Lord Denning is well known for his storytelling style of judgment writing. The opening words of Lloyds Bank v Bundy  QB 326 always make me smile:
“Broadchalke is one of the most pleasing villages in England. Old Herbert Bundy, the defendant, was a farmer there. His home was a Yew Tree Farm. It went back for 300 years. His family had been there for generations. It was his only asset. But he did a very foolish thing. He mortgaged it to the bank. Up to the very hilt.”
I can’t help the feeling that Justice Harrison was inspired by Lord Denning when he wrote his judgment in Hill v Higgins  NSWSC 270 (which was an out of all proportion dispute between two neighbours about a retaining wall). The case occupied 2 full days of hearing in the NSW Supreme Court and ultimately resulted in a judgment for $220. It began:
 Mr and Mrs Hill and Mr and Mrs Higgins are neighbours. Their properties are respectively known as 42 and 40 Kurrawong Avenue, Hawks Nest, which is a small hamlet located on the picturesque northern shores of Port Stephens. A modest house is erected on each property. Kurrawong Avenue slopes gently from north to south in the vicinity of the properties. Number 40 is on the higher northern side and number 42 is on the lower southern side. Mr and Mrs Hill purchased number 42 in about November 2005. Mrs Higgins purchased number 40 sometime in the following year.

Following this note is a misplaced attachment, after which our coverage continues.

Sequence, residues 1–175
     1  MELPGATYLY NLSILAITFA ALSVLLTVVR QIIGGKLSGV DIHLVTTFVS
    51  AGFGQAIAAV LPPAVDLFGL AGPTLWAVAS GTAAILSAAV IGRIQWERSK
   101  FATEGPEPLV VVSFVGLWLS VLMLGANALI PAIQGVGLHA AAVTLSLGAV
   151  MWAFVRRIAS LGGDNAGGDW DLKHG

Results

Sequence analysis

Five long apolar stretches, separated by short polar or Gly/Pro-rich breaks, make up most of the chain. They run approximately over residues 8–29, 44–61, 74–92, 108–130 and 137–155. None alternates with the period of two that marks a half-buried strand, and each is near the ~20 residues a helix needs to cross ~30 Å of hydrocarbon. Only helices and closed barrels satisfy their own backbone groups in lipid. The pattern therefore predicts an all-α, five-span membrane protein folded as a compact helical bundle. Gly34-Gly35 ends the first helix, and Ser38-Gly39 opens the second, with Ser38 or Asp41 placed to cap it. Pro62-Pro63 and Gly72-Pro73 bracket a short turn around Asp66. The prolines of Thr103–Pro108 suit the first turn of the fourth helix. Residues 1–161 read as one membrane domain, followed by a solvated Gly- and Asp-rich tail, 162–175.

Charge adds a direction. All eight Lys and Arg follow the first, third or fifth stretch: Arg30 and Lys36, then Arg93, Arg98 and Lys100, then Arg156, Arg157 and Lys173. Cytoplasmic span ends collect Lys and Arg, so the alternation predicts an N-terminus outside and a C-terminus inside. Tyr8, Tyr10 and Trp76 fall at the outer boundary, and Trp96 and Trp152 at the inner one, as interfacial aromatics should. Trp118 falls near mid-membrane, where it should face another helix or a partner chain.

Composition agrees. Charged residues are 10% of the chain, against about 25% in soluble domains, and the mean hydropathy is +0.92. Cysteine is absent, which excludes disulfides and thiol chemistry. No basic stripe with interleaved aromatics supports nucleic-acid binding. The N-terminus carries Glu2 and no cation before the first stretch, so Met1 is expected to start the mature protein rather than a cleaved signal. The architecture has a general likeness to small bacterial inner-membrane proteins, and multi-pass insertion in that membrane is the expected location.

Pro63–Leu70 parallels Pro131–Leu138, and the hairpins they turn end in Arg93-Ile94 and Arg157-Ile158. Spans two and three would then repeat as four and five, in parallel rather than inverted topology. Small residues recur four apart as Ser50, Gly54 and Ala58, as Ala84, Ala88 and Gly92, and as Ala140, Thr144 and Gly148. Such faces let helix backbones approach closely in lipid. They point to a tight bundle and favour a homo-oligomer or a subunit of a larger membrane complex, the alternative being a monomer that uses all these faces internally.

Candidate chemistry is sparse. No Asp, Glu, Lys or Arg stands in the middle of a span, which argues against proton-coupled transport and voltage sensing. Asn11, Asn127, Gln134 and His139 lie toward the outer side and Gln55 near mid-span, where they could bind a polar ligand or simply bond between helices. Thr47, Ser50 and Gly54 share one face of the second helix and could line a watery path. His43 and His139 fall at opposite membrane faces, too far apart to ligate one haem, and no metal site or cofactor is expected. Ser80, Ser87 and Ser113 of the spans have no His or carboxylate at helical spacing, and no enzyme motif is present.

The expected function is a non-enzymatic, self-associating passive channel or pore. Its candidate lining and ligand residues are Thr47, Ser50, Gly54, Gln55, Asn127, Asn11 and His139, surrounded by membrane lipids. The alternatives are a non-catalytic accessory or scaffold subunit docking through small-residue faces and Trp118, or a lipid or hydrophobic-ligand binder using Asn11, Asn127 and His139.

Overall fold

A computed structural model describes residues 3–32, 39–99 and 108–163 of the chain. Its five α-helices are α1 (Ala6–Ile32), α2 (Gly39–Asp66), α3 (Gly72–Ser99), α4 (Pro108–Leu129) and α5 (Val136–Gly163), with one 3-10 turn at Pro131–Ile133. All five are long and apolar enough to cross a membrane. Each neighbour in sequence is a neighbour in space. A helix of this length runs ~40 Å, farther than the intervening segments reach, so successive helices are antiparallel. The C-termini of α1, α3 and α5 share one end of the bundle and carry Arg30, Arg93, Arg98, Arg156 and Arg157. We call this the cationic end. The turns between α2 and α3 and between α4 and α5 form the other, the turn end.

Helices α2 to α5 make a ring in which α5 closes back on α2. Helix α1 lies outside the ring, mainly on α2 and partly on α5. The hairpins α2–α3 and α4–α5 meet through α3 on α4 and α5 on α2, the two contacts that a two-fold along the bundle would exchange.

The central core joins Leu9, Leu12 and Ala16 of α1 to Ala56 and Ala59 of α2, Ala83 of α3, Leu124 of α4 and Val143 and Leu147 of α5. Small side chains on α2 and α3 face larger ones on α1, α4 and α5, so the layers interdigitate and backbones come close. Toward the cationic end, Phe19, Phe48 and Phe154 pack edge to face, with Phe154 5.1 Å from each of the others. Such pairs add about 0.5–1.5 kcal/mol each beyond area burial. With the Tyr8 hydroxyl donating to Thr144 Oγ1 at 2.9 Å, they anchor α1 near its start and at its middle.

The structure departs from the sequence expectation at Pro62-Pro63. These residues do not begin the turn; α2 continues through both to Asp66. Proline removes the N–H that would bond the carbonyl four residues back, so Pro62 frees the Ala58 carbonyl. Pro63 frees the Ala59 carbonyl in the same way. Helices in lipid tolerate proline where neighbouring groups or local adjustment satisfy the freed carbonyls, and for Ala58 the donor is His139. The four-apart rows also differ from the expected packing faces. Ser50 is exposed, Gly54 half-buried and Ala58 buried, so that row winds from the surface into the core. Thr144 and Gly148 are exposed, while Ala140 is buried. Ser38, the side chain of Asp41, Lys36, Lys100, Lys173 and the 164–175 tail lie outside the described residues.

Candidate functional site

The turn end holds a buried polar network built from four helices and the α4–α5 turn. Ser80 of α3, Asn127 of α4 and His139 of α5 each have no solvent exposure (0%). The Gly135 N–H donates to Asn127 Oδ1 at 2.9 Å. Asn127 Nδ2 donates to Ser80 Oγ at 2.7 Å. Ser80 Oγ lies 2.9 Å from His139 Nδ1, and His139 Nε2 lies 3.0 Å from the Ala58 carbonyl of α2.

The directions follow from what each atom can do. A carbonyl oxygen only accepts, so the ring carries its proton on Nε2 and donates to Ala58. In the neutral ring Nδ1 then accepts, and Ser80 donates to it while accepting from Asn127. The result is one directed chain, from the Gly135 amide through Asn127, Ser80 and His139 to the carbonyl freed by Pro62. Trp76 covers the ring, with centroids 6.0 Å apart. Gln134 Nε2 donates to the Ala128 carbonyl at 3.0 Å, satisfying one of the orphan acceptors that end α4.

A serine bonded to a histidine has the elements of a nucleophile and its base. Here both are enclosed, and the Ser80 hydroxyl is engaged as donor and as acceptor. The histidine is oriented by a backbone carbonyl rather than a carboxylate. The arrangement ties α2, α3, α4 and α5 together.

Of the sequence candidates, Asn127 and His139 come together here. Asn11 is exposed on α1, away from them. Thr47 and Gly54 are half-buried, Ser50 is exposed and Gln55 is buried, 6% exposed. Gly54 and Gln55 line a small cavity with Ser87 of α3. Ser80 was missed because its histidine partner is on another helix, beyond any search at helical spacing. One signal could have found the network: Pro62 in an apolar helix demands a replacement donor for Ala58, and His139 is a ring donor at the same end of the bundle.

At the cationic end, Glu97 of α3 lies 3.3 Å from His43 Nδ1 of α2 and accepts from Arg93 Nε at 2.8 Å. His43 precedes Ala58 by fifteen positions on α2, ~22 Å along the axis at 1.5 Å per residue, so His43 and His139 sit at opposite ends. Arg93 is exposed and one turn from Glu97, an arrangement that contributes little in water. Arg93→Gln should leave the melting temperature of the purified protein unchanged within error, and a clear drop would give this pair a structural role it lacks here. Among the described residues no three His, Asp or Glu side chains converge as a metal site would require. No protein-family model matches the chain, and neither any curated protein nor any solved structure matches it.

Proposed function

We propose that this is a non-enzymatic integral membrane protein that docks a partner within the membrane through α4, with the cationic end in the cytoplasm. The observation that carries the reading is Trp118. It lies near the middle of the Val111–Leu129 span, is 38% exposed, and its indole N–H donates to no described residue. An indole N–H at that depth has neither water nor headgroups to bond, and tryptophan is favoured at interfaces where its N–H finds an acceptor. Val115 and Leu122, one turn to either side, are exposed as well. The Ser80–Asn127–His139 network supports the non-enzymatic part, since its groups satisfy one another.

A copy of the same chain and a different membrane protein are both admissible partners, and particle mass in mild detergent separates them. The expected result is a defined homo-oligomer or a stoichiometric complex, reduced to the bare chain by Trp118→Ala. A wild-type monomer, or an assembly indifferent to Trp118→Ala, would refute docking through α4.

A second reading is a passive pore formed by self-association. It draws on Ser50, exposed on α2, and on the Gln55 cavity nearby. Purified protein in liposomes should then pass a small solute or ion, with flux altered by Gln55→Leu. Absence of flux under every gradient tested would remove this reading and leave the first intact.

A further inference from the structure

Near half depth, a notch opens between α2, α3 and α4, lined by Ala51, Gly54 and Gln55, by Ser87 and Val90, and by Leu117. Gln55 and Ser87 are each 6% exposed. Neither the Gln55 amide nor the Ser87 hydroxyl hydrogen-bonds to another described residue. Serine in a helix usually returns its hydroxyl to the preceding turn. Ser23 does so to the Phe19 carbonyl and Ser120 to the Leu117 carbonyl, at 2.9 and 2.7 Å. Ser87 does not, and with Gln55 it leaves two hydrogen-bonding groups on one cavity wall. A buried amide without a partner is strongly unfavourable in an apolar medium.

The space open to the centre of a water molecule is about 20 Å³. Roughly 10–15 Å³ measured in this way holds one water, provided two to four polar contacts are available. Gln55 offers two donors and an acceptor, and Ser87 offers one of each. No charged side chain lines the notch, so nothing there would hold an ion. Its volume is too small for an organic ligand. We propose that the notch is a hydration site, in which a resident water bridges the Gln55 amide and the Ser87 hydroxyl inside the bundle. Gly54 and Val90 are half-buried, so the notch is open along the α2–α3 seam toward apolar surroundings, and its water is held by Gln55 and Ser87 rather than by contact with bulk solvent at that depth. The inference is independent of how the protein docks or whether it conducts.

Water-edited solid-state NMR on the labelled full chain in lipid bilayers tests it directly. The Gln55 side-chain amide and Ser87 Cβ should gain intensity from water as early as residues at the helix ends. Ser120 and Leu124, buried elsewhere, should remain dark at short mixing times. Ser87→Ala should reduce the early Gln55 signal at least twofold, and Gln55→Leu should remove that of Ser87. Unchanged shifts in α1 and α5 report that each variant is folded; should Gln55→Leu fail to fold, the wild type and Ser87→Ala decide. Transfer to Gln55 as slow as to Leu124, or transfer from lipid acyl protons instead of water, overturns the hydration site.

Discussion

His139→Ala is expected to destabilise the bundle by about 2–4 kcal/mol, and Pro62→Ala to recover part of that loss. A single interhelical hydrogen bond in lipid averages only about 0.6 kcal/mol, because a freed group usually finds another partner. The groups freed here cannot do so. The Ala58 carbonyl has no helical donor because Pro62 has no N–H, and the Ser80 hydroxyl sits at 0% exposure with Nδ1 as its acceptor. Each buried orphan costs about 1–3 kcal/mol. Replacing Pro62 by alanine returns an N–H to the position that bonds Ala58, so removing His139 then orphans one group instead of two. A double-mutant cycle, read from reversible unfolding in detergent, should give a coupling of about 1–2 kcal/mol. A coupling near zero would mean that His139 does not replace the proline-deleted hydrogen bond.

A mostly brick dwarf retaining wall approximately one metre high and a mesh dividing fence originally ran from east to west along most of the northern side of the common boundary between the two properties. At some stage during 2006, Mr Hill became alerted to the fact that the double brick section of the retaining wall had deteriorated and had developed a slight lean, so that it was to some extent encroaching onto and over his property
 It was not long after this that relations between the two couples became very strained indeed. … Surveyors and engineers were soon marshalled on both sides to provide advice and reports on all manner of potential issues arising from these unfortunate circumstances.
 It goes without saying that it was not long before legal proceedings were commenced…….
 At the end of the second day, and with this very unfortunate state of affairs in mind, it became apparent to me that some different approach to the resolution of the proceedings was called for that was unconstrained by the traditional litigious model. As far as I could determine, both parties were in furious agreement that the retaining wall had to be removed but they could not agree, whether from an engineering, aesthetic or financial standpoint, about what if anything should replace it….
You can read the rest for yourselves and if you’re interested in some more Lord Denning judgments, have a look at: Thornton v Shoe Lane Parking, Lewis v Averay, Spartan Steel v Martin, Jarvis v Swan Tours, Jackson v Horizon Holidays, Miller v Jackson, Lamb v Camden LBC, George Mitchell v Finney Lock Seeds
The photograph was taken by Sydney based, documentary photographer, Bettina Cutler.